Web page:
Big questions: What are fungi? What are mushrooms? Are mushrooms plants?
Once Upon a Time mushrooms were thought to be plants – but they are really fungi, a kingdom of life that wouldn’t be understood until the 1800’s.
Types of fungi
Yeasts are single-celled organisms
molds are long branching thread-like filaments (hyphae) that form visible colonies.
Mushrooms are also filamentous fungi that form large “mushroom cap”.
What are fungi?
Excerpted from moldbacteriafacts.com
Similarly to plants and animal cells, fungal cells contain nuclei with chromosomes.
They have no chlorophyl, and hence they cannot photosynthesize (they are heterotrophic, like animals)
Fungi absorb their food (they are osmotrophic)
The body of a majority of fungi is comprised of a spreading network of very narrow, tubular, branching filaments called hyphae. These filaments exude enzymes, and absorb food, at their growing tips. Although these filaments are very narrow, they are collectively very long, and can explore and exploit food substrates very efficiently. This group is commonly referred to as mold.
A small group of fungi, the yeasts, exists as single cells.
Fungi generally reproduce by means of spores, which develop on, and are released by, a range of unique structures (such as mushrooms, cup fungi, and many other kinds of microscopically small fruiting bodies).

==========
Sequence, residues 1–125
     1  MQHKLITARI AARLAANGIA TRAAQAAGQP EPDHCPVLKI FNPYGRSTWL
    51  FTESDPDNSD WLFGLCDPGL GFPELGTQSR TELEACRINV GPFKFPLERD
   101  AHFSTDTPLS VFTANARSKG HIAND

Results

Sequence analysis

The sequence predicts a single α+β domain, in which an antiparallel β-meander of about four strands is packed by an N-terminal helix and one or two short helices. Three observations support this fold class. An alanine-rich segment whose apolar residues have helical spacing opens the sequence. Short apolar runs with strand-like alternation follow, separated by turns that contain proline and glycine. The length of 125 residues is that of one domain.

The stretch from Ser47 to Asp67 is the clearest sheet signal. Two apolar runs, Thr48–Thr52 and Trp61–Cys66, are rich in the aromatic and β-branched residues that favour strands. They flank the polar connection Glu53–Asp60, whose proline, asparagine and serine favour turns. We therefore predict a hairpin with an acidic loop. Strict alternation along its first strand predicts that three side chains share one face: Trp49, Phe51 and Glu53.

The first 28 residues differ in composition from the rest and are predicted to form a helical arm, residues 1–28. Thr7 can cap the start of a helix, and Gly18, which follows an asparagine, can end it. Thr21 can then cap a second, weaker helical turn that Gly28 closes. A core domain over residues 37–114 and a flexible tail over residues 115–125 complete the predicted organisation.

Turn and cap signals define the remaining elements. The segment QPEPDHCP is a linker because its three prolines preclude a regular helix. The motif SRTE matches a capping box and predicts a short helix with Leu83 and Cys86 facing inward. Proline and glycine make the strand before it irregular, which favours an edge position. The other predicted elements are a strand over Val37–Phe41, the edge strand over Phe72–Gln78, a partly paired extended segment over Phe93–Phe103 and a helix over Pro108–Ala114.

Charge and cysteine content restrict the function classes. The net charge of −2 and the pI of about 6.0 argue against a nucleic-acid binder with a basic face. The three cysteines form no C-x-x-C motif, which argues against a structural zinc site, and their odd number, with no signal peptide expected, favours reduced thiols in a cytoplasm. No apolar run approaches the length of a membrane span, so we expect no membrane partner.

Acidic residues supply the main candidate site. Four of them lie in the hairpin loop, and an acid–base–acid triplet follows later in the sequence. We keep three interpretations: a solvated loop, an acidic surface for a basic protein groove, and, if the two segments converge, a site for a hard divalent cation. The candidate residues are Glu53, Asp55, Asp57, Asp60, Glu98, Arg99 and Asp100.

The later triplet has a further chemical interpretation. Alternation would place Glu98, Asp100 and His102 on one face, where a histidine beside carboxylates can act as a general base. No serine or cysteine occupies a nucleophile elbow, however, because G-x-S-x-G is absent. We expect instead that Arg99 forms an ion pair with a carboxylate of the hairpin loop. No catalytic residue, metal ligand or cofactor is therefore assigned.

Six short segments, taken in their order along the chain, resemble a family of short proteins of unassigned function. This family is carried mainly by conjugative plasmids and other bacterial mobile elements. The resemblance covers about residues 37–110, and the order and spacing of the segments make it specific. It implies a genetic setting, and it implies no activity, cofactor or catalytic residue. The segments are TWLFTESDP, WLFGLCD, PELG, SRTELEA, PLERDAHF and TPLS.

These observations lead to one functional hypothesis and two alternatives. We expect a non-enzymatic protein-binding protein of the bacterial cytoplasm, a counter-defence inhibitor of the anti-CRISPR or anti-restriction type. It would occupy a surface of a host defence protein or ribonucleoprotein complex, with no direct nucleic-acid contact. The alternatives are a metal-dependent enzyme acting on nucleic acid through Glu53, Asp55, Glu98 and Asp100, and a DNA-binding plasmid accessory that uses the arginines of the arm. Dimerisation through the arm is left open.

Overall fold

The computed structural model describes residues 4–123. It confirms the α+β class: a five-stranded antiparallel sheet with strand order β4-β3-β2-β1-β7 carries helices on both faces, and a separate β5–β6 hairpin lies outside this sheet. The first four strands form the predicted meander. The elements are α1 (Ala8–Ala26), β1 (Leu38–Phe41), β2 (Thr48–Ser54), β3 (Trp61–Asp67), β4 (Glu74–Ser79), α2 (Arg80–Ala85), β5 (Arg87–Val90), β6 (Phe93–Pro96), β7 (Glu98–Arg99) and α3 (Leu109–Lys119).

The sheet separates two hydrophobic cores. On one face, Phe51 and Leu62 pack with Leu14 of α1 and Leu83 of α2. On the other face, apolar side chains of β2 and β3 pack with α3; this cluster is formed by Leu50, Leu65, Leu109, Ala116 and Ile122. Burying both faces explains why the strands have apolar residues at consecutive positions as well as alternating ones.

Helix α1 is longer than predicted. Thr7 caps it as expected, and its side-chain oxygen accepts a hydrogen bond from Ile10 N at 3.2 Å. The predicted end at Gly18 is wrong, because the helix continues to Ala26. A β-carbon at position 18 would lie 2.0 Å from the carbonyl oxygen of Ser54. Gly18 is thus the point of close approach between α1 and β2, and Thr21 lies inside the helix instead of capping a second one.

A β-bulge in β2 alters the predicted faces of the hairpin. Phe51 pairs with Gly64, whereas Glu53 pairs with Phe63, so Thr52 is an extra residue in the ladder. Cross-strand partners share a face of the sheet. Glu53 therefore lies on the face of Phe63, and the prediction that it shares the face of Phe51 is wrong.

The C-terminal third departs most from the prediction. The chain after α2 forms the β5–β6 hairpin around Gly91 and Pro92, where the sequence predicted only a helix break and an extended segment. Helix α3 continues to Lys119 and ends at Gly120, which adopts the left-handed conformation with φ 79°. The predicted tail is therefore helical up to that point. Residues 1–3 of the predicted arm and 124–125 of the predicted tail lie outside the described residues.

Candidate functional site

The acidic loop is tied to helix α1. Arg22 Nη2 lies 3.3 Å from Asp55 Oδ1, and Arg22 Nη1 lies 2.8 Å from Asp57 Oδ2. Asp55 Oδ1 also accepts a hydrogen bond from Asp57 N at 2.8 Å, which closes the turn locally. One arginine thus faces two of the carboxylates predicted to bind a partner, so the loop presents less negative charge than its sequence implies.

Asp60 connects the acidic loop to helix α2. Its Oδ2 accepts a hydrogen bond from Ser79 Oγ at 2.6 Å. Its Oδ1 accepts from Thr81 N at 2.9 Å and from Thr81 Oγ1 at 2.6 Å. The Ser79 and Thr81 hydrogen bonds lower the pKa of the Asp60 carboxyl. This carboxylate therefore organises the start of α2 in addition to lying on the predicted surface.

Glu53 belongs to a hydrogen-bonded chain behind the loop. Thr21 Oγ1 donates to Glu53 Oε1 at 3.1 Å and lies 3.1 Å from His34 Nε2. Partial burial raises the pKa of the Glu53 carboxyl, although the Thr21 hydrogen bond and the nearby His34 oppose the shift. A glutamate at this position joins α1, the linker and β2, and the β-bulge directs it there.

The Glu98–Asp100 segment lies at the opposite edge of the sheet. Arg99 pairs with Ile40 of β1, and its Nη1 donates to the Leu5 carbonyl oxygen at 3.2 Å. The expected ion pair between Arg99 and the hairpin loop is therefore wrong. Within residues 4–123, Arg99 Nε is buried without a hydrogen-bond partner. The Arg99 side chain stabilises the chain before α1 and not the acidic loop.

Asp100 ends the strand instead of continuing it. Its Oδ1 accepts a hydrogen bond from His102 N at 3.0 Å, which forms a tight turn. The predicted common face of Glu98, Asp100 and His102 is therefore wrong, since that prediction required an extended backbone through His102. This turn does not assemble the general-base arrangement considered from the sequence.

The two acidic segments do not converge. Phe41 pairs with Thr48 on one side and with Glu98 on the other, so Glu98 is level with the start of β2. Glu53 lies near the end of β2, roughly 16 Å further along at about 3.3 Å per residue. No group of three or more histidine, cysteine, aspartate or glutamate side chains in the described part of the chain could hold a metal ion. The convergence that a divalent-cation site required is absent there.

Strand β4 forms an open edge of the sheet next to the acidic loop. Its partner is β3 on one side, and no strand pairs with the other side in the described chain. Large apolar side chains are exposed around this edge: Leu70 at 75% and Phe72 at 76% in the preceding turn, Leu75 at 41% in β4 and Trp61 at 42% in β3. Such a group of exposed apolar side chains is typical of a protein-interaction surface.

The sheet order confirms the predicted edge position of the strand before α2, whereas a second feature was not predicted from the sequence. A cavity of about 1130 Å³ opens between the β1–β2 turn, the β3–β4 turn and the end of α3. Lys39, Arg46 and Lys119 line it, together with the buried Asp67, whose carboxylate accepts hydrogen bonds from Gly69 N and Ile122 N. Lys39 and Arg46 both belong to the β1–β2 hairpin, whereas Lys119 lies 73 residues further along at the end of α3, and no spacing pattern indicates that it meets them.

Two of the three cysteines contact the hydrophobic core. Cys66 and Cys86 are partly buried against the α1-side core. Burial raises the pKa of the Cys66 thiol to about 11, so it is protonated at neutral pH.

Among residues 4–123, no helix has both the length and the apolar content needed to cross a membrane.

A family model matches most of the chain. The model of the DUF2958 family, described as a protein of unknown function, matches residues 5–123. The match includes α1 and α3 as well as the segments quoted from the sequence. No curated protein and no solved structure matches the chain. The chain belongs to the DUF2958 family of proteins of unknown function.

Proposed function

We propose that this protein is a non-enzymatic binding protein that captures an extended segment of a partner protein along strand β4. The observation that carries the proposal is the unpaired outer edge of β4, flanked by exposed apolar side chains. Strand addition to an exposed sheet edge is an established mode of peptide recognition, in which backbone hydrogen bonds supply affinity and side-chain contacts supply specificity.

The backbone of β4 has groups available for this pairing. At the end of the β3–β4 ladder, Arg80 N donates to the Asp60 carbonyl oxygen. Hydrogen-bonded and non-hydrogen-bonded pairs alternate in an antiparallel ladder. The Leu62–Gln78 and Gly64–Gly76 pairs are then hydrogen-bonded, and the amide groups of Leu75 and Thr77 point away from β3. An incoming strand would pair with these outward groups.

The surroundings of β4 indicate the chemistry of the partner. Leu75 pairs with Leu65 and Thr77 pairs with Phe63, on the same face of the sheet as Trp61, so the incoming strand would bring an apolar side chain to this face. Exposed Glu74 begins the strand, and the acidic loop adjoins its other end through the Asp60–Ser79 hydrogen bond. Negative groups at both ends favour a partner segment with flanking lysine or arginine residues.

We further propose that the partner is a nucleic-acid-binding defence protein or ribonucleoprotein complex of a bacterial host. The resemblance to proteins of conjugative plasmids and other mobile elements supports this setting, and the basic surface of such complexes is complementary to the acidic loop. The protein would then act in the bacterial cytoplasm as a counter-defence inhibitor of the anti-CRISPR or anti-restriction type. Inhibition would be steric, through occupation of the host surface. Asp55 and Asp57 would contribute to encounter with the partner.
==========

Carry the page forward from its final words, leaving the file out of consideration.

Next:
Differences between fungi and bacteria
Life Science (Biology), Grades 6–8. Classify organisms into the currently recognized kingdoms according to characteristics that they share. Be familiar with organisms from each kingdom.
Biology, High School. 5.2 Describe species as reproductively distinct groups of organisms. Recognize that species are further classified into a hierarchical taxonomic system (kingdom, phylum, class, order, family, genus, species) based on morphological, behavioral, and molecular similarities.
Benchmarks for Science Literacy, American Association for the Advancement of Science
Students should begin to extend their attention from external anatomy to internal structures and functions… [students] should move from their invented classification systems to those used in modern biology… A classification system is a framework created by scientists for describing the vast diversity of organisms, indicating the degree of relatedness between organisms, and framing research questions.
Evolution and diversity: Origin of life, evidence of evolution, patterns of evolution, natural selection, speciation, classification and diversity of organisms.